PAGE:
Luxire appears to offer some adequate facsimiles of traditional Italian work at much lower prices, being largely by machine and in India. Unfortunately, the real problem with online tailors like Luxire is not their capabilities or skills, but that they’ll do anything their customers request. And without the guidance and discipline of a “real” tailor, some people manage to design the most ridiculous articles of clothing ever witnessed by human eyes. I’ve seen the ghastly results of some of these requests on certain style forums; comically high waisted trousers with 5 button closures on a 9 inch high waistband and side adjusters and on and on. As online etiquette forbids complete honesty, you see reviews praising these clownish wares. Indeed, Luxire can produce some inexpensive copies of Ambrosi and Pommella and other Neapolitans – but also some of the most churlish and clodhopping trousers that no legitimate tailor would ever agree to create.

Anonymous

what nonsense Jackson. Don’t expect luxire to say “I’m not making that for you because I think you have lousy taste”. they make what the customer orders. cannot believe you wrote that.

Jackson Heart

They do, they should (Note that I didn’t say they shouldn’t) and much of it is hideous.

Jackson Heart

And yes….there are things that Antonio Liverano and Salvi Ambrosi will absolutely refuse to do no matter how much you paid them, and there is a certain old school Italian charm in that that simply does not exist in the Luxire model. The laws of exponential satisfaction doesn’t work with tailoring. Just because a 3 inch waistband looks nice doesn’t means a 12 inch high one will look even better. Some people would benefit greatly from bespoke tailoring advice.

J

Er, Luxire are made-to-order tailoring company, not a bespoke tailor or a tailoring consultant. Apples and oranges.

Also, if much of their work is hideous, it’s entirely the customers’ fault. Given their price and business model, their customers are men on a budget, who are statistically less likely to look like demigods, so they will always look worse than the average bespoke buyer.

Jackson Hart

I agree with everything you wrote and stand by everything I wrote. The two are not mutually exclusive. I don’t think you are focusing on my point, which is probably my fault.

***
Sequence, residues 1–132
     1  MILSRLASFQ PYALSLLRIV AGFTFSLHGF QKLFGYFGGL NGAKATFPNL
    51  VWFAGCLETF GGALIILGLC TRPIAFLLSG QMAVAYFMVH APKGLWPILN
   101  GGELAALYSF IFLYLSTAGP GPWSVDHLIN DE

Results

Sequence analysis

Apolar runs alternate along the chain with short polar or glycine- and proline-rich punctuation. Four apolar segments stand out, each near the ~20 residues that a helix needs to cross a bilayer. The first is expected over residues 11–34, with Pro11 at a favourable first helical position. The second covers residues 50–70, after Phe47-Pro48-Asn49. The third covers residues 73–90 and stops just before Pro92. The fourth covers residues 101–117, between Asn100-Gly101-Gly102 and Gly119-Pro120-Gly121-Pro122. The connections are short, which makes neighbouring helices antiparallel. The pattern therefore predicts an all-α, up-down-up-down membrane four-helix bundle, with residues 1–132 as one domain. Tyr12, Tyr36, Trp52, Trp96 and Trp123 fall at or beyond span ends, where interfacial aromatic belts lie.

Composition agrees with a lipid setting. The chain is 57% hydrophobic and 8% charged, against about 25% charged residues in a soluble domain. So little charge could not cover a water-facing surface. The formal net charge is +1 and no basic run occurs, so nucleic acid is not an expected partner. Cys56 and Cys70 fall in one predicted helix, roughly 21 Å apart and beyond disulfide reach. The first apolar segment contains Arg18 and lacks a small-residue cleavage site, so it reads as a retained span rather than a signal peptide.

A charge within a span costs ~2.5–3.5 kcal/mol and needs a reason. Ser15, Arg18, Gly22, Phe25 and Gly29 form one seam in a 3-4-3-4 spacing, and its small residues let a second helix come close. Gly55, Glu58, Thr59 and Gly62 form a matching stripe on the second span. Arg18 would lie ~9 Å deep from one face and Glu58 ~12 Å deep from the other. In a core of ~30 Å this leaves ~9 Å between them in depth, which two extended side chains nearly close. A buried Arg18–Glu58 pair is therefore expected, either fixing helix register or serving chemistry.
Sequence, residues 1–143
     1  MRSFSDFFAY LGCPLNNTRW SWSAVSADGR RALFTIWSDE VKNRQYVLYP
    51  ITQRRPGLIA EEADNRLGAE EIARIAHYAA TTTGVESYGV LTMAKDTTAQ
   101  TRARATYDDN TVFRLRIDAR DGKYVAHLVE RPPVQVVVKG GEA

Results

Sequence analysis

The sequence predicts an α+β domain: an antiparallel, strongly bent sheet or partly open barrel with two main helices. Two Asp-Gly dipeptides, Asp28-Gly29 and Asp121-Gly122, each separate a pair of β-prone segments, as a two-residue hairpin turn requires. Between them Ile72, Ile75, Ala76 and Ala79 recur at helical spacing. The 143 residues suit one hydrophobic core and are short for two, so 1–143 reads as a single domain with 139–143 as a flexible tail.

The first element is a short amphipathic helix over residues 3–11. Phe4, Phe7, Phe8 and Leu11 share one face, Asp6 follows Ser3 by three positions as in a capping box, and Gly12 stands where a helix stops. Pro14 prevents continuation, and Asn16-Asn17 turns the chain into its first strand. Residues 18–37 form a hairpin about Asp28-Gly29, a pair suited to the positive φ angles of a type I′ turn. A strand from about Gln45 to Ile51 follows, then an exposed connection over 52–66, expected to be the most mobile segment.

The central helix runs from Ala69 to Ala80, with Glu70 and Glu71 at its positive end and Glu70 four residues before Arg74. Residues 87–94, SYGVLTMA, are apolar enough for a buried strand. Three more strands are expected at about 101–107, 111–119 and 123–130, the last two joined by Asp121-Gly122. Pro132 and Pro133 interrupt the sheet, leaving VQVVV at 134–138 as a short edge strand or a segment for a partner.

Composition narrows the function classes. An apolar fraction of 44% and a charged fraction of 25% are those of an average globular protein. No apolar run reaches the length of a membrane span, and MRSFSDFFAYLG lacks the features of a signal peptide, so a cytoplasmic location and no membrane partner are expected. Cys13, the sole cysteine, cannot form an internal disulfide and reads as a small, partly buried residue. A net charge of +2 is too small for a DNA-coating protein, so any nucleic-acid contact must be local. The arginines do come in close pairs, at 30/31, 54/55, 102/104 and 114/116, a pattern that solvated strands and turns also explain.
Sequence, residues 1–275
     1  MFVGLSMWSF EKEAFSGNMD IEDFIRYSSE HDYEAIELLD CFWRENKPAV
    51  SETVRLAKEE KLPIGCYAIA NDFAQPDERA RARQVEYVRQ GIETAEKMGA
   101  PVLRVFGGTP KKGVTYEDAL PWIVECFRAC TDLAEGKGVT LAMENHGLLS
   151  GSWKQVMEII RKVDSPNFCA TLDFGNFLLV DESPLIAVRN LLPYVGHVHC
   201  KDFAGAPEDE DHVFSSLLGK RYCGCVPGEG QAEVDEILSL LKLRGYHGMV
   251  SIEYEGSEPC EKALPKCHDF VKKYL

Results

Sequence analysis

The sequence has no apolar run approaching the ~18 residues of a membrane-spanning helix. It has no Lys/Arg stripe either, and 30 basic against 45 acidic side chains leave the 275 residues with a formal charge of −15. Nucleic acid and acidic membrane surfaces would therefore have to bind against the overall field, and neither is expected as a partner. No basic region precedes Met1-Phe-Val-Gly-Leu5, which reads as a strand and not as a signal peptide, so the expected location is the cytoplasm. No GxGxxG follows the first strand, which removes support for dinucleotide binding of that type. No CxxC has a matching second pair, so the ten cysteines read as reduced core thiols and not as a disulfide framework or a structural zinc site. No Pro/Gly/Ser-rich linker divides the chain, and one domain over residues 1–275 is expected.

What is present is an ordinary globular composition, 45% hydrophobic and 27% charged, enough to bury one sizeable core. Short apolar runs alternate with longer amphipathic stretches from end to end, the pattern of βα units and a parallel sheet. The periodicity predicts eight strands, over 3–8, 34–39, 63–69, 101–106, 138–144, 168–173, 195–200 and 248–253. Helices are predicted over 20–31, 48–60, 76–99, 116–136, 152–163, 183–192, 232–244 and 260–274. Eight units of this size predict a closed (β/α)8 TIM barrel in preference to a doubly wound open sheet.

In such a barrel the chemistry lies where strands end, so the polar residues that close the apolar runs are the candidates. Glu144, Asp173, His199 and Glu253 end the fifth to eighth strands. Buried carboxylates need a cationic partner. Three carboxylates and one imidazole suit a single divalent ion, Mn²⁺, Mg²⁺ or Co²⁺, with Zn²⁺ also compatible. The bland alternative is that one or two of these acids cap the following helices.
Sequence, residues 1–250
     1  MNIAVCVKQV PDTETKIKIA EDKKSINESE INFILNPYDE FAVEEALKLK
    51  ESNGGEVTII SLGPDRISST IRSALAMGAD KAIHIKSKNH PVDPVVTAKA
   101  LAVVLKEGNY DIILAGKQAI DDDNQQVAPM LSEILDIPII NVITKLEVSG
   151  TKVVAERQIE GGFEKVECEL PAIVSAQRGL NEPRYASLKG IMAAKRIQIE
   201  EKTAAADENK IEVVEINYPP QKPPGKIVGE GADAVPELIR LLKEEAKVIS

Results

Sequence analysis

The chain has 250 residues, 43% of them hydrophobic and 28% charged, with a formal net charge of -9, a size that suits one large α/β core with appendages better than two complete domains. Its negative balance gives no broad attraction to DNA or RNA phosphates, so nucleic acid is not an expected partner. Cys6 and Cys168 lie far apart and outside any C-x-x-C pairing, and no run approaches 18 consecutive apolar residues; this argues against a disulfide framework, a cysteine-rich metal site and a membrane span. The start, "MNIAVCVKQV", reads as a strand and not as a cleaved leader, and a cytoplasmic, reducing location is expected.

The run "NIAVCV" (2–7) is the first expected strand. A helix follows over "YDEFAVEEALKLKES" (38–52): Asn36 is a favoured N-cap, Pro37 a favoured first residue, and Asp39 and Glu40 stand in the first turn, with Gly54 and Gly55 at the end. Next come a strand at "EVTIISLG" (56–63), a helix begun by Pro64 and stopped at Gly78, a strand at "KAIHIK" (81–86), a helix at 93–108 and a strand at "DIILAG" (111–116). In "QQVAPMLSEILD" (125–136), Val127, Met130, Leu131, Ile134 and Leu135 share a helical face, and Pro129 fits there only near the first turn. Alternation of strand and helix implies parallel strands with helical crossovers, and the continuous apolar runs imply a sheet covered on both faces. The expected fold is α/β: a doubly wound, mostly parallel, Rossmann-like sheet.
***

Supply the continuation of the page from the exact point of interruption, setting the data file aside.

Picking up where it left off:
Anonymous

so Jackson, would you give that advice to vivien westwood, or Salvador dali because they did stuff which wasn’t normal? I’m not sure the luxire model is trying to do old school italian charm actually. except that if you send them something old school Italian to copy they will make a pretty good job of it.

Jackson Hart

I think Luxire serves a great market and appears to do it well. Take another quick look at my post – I didn’t give anyone any advice. I am not sure what you think I wrote, but I apologize if I didn’t make myself clear. I was merely stating my opinion and, given that I don’t mind what people wear as long as it makes them happy and I don’t have to wear it, I wouldn’t change a thing about Luxire’s business model or its customers’ choices. However, I find the subject interesting enough to comment on it – which is my choice.

Stephan

Hello Simon,

interesting clothes, especially the flannel trousers or cableknit-sweaters. They seem to be easy paired with various sweater or trouser colors because they are either light or dark in color. Do you have an advice how to pair medium colored items well? E.g. a medium blue sweater or shirt or medium grey trousers. Do they pair well with other medium colored items?

Cheers,
Stephan

Stephan

Hello Simon,

thanks for your answer. So are the medium colors used as separation between extreme light and dark colors, to lower the stark contrast? For example, a way to wear charcoal trousers together with a white shirt, separated by a medium colored knitware and a dark brown belt. Or do you have a specific combination in mind to demonstrate the ideal use of medium colors? It seems, that they are easier to use as knitware than as trousers?

Cheers,
Stephan

John

Hi Simon, what’s your opinion on trouser leg / opening width these days for dudes our age who are in decent shape? Cheers.

John

For trousers that will not be worn with a suit, do you recommend cuffs? Cuff size? Thanks.

Anonymous

I’m 6ft on the dot. Always worried that cuffs make me look shorter

Oliver

Hi Simon,

recently i had a bunch of trousers made and for some reason one of the clothes i picked was a very deep brown with a bit of red in it. Mind you it’s neither burgundy nor a really dark brown but rather a very… deep brown with leaning a bit into reddish. The pants themselves are cut almost like chinos and the fabric has a similar feel.

I was really looking for the pants but now that i have it seems they don’t match with anything. They just look weirdly brown.

Can you provide some advice on how to wear them?

Oliver

Yannis

Dear Sir
When do you expect availability on the short sleeve polos.??
Thank you

James Lowther Lonsdale

Dear Simon,

What factory uses Edward Sexton for this RTW jackets and trousers ? A factory in Italy ?
Is it close to the quality of a Belvest jacket ?

Cheers

James

John

Hi there, where can one purchase these trousers – they aren’t on the Sexton webstore? Is there somewhere to get these online?

Steve

Hi Simon.

Could you please give me your opinion about Edward Sexton’s MTM offer (the so called Offshore Bespoke)? The offer seems interesting, but so far I have not read any independent reviews about it.

Thank you.

Steve

Anonymous

Hi Simon,
Lovely trousers.
Is 11 oz a little bit light for flannel trousers?
Cheers,

David

Hi Simon,

Digging up an old article. What is your thoughts on Edward Sexton RTW tailoring? Their website is candid about onsite and offshore bespoke which I applaud. I came by some RTW jacket. The design is appealing and feels Sexton. I’m interested to find out about the quality and make which sometimes is a grey area even for RTW from the most prestigious bespoke house.